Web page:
My father was a soldier with the troops going in on Gold Beach. He died a few years ago, and so is not here to see the 60th anniversary. I live in France, now, and have 2 grown-up sons. It is part of the school curriculum for the children to learn about the two world wars. My youngest son went to Normandy, 2/3 years ago, with his class, to see the beach-heads, visit the cemeteries and the museums. He told his teacher that his grandfather had been there - and in front of all the other pupils, his teacher shook him firmly by the hand, and said; "Thank you, from us all, for what your grandfather did for us".
Linda Sansome, Scaër, France
My late father, Charles Logan, was Captain of the minesweeper USS Pheasant. In the early morning hours of June 6, 1944, while sweeping in tandem off Omaha Beach with the USS Osprey, the Osprey struck a German mine. My father related he felt the blast and saw the Osprey jump out of the sea. Over half of the Osprey crew, including its Captain, died that morning and rest to this day off Omaha. The crew of the Pheasant boarded the sinking Osprey and evacuated the survivors. The courage pervading that morning affects millions.
John Logan, Washington, DC
To all those brave men, a simple message: Thank you.
Paul Kilmurray, Detroit, USA
My father flew Coastal Command Sunderlands during WW2 for the RCAF (Royal Canadian Air Force). He volunteered in 1939. At the end of WW2 Canada had the third largest navy in the world and the cost in lives and resources was enormous.
Dennis Gauss, Victoria, Canada
I would just like to thank all the veterans who fought to give us the freedom that we take for granted today, and I hope we never forget the ones who never came back. To all the veterans, THANK YOU.
Ian Blackie, Brantford, Canada
To all those people who are making politically ideological statements on this site, you are dishonouring the names of those who gave their lives in the name of freedom. Don't try to make political mileage out of the events of the next few days. Simply honour the people who died in what was a just cause.
Andrew Crawley, London, England
D-Day did change the world for the better. If it was not for the brave soldiers who liberated Europe, the protests in Europe against America would not have been possible today. Ironic indeed.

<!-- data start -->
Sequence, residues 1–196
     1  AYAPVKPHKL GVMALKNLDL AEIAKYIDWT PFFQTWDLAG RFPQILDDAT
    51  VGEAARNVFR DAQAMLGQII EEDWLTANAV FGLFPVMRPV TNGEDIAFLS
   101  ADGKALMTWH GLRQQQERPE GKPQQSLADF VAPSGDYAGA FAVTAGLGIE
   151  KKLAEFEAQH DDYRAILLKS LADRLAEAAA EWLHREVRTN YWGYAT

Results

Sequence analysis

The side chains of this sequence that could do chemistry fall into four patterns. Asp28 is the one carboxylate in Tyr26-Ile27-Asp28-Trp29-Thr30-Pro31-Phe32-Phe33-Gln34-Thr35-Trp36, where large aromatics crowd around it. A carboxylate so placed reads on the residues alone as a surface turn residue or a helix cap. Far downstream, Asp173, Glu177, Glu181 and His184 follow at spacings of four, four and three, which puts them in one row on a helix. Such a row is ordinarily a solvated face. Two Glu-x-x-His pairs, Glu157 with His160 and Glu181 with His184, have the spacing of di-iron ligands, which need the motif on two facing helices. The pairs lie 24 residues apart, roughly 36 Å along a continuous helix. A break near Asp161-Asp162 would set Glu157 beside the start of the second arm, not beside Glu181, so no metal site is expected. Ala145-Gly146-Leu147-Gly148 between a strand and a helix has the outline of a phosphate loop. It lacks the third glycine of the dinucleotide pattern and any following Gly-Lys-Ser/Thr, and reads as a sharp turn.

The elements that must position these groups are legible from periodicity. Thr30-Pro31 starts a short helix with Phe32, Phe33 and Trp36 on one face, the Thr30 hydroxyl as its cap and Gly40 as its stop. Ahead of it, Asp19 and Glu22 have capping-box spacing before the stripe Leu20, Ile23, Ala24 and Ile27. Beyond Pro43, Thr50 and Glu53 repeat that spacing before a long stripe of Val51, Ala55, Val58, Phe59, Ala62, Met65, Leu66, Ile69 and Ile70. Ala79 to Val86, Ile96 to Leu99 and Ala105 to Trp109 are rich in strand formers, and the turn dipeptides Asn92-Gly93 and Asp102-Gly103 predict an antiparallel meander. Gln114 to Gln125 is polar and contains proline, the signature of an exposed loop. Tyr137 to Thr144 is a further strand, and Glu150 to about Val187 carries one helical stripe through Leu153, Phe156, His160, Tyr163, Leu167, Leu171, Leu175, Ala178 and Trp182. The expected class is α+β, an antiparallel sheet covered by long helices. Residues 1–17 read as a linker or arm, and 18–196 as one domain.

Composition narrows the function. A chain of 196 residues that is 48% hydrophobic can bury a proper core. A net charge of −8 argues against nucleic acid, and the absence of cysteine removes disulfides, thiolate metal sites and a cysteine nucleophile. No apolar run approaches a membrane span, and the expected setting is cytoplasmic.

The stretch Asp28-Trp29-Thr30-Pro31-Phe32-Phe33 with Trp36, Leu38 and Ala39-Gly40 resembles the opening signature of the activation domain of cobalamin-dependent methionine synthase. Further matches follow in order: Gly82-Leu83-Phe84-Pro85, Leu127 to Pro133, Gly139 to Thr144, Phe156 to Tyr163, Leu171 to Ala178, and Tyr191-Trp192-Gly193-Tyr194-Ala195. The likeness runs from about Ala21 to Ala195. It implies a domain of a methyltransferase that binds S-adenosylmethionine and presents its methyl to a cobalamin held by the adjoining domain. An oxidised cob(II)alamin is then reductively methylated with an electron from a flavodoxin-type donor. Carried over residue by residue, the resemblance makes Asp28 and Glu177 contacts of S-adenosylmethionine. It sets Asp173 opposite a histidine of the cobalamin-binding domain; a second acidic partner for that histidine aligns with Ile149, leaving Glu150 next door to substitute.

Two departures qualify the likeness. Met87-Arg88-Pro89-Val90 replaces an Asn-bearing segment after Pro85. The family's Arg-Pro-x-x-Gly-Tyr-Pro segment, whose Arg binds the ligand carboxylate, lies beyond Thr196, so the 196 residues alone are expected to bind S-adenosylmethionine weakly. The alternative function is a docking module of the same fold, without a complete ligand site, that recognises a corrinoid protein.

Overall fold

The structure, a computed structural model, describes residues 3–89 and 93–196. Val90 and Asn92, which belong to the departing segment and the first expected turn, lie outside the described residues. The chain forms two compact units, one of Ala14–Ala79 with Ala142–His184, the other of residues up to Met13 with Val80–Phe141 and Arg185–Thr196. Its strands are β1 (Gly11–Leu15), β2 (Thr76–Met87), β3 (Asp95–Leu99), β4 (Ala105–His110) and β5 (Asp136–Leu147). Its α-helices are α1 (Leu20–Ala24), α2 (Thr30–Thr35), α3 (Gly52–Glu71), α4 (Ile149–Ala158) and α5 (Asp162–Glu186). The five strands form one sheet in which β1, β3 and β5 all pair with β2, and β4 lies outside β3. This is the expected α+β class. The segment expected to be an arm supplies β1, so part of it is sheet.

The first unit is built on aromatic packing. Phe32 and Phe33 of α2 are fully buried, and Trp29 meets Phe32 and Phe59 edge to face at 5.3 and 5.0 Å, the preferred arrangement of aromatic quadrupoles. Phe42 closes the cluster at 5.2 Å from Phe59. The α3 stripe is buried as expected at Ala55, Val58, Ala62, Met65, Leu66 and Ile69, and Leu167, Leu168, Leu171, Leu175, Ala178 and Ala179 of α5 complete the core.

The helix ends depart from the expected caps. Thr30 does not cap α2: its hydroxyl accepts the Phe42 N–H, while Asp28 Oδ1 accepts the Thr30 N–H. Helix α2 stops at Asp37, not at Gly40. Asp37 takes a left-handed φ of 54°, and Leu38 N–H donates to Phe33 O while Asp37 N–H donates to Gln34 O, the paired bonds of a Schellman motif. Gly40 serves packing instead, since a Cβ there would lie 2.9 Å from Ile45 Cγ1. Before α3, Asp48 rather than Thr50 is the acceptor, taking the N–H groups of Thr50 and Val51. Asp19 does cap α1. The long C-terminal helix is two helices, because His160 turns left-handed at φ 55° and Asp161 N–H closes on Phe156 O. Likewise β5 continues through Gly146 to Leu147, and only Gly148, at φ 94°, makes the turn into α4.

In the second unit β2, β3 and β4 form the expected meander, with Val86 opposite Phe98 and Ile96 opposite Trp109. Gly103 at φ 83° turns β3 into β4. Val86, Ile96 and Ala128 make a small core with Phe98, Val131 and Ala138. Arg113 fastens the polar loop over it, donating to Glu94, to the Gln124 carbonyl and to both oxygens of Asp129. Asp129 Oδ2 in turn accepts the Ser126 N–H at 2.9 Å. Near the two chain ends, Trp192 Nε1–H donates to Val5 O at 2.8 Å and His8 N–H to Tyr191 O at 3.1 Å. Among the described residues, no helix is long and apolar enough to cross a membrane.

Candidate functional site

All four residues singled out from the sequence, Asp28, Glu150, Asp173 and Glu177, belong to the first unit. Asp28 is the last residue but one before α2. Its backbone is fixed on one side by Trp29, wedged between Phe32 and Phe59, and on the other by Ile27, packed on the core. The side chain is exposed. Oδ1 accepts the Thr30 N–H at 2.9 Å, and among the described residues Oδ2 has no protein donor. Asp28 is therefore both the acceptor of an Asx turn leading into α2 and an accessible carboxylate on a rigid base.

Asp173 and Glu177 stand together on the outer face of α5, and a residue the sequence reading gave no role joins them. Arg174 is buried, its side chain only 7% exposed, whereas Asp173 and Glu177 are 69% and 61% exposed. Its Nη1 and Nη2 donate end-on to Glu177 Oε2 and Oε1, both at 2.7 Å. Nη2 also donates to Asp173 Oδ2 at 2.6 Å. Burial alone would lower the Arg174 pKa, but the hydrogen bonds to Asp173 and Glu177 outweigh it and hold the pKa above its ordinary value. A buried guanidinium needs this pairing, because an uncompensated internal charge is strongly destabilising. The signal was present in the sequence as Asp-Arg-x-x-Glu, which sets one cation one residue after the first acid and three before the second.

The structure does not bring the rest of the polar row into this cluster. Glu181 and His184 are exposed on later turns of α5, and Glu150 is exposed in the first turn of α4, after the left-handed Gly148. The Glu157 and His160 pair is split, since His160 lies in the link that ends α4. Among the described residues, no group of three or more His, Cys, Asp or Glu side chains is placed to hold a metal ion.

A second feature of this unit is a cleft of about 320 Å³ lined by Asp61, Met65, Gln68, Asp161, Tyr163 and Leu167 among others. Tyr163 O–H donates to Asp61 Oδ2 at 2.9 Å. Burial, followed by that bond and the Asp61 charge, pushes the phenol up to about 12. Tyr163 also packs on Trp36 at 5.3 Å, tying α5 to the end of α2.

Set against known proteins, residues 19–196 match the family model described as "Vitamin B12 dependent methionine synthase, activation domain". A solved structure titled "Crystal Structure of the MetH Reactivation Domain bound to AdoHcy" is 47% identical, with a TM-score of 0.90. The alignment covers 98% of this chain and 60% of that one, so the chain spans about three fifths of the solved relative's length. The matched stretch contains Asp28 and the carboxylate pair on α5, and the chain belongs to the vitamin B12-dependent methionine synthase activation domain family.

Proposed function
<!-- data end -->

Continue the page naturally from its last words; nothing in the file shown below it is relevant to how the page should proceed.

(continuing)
Alex, Boston, USA
My father was 22 when the war ended. He was a member of the SAS from Brussels, Belgium. Words cannot adequately express my gratitude to him and his companions for their sacrifices. My heart bleeds for all the youngsters out there in the Middle East, they are in my thoughts and prayers.
Lyndsey Pecher-Benito, Westfield, New Jersey, USA
I find it annoying that no mention is made of the 15,000 Canadians who went in to France on D-Day. They were a 100% volunteer army, contrary to the others, and the Canadians made the farthest advances inland of any of the invading forces.
Dick McRae, Vancouver, Canada
I don't believe the D Day 'celebrations' have much to do with D Day or the Second World War. They are actually all about trying to revive a sense of common purpose by getting back to a moment when the west was united, in other words they are really all about the current political situation and remembering the past is just an excuse.
Clive, Manchester, UK
I was a very young sailor during the invasion of France.
My job was initially to ferry soldiers to the beaches of Sword and Juno. I later helped to ferry supplies to the Omaha and Utah beach heads.
I have spent the last 40 years being surprised at the assumption that only Americans landed on the beaches. I clearly recall British, Canadians, and a small contingent of Free French as well as small numbers of Poles, Czechs, Dutch and indeed many others.
R.C. Willard, Alicante
My grandfather was with the WAFF during the 2nd world war and though none of my relations were in the landing he often talked of Col. Warden. That was Churchill's code name and that landing gave to African colonies independence. Cheers.
Tajudeen Bakre, Lagos, Nigeria.
Changed the world? Definitely not as much as Stalingrad or Kursk!
Chadi Bou Habib, Lebanon
I salute the veterans of D-Day but to me the most glaring irony is that in order to celebrate their victory and honour their sacrifice, we need thousands and thousands of troops and police to protect them and the leaders of the countries attending the celebrations. Have we really gained? I mean as humans.
David, Simonstown, South Africa
By deciding to invade Normandy, Dwight Einsenhower, paved the way to Victory, ending the war sooner, and securing Democracy to the Allied Countries, and destroying the myth of the supreme race.
Dr. Jose Nigrin, Guatemala